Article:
Now, my 3-year-old daughter, Emma, is constantly singing songs from Disney Princess movies. She remembers the words better than I do!
Their early love of music started at a local Makin' Music class. I started Luke before he was one as a fun way to bond. Youngsters get to sing, play instruments and dance and you take home a CD of all the songs that can be a lifesaver during long car rides.
I had no idea this fun music class was helping my little ones become better readers, thinkers and learners.
Janine Kelly and Kim Fink, co-founders of Makin' Music, point out research that shows music stimulates the neuron development of the brain.
"It makes them better readers, better thinkers," says Fink. "The statistic that I really think is important is that musicians do better on their SAT scores. That's amazing to me."
Studies show that mental mechanisms that process music are deeply entwined with the brains other basic functions, including perception, memory and language.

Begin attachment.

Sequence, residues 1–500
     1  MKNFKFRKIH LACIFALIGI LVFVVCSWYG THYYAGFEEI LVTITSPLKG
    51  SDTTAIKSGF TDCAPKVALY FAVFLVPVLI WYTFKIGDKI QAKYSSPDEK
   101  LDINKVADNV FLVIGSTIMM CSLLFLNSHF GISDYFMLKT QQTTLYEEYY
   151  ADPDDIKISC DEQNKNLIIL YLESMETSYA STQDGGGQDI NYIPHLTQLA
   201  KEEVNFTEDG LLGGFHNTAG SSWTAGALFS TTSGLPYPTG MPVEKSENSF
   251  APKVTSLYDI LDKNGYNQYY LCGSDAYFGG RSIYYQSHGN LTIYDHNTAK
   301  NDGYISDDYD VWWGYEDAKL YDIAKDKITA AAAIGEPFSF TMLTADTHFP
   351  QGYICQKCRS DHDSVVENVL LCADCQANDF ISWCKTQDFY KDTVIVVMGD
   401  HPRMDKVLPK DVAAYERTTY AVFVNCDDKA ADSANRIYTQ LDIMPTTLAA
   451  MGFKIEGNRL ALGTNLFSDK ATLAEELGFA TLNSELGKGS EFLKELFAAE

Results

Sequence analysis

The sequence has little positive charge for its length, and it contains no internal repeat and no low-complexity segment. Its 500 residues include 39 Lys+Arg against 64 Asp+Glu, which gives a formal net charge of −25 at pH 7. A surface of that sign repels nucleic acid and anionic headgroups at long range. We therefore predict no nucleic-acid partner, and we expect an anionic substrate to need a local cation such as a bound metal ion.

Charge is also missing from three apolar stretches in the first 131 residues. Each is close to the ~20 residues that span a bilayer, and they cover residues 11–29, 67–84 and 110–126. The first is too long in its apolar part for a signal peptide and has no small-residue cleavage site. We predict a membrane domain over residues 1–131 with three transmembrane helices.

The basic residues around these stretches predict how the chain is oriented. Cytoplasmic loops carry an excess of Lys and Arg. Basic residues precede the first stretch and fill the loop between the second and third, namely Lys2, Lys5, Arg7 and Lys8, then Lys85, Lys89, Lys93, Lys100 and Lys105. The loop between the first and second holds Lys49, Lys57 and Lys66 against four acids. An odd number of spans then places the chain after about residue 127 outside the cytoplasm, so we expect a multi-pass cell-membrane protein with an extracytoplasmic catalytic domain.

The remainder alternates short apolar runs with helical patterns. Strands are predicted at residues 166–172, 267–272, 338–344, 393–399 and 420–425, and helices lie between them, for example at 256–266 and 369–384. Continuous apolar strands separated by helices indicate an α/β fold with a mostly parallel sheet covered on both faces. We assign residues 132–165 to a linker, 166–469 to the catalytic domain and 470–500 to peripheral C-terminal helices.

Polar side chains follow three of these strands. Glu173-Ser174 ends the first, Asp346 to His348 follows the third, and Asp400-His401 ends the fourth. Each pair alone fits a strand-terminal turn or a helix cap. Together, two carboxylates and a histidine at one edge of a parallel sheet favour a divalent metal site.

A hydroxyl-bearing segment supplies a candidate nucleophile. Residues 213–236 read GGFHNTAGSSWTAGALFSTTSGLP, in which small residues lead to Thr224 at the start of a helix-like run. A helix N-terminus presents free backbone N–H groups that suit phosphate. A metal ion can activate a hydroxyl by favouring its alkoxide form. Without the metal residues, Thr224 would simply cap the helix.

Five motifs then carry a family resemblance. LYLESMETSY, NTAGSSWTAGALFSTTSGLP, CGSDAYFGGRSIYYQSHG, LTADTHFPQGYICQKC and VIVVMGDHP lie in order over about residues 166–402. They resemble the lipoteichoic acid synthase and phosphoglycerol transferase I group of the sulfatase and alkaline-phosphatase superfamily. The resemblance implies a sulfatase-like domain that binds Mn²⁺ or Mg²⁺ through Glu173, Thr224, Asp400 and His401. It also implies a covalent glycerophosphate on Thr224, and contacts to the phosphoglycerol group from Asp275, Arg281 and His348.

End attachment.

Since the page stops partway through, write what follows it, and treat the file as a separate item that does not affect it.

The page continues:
Music educators say as a parent, the best thing you can do is expose your child to different types of music. Take them to live performances and let them make a racket exploring different musical instruments.
It's never too early to start.
Kelly suggests what most expectant moms already know: its soothing to sing to your developing baby in the womb. And once that baby is born, rocking and singing can help your baby sleep.
As your child becomes a toddler, you help develop fine motor skills with hand gestures and props.
And, as parent, looking back at home video of my children singing and strumming the guitar, is one of my favorite things to do.